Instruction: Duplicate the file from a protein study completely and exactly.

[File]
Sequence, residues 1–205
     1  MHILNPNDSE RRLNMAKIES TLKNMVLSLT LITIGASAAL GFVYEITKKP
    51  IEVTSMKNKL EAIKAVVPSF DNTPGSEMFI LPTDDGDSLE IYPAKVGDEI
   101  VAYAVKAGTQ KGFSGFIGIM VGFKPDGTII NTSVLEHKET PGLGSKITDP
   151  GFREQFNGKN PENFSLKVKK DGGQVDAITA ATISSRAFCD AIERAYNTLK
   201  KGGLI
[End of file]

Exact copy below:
Sequence, residues 1–205
     1  MHILNPNDSE RRLNMAKIES TLKNMVLSLT LITIGASAAL GFVYEITKKP
    51  IEVTSMKNKL EAIKAVVPSF DNTPGSEMFI LPTDDGDSLE IYPAKVGDEI
   101  VAYAVKAGTQ KGFSGFIGIM VGFKPDGTII NTSVLEHKET PGLGSKITDP
   151  GFREQFNGKN PENFSLKVKK DGGQVDAITA ATISSRAFCD AIERAYNTLK
   201  KGGLI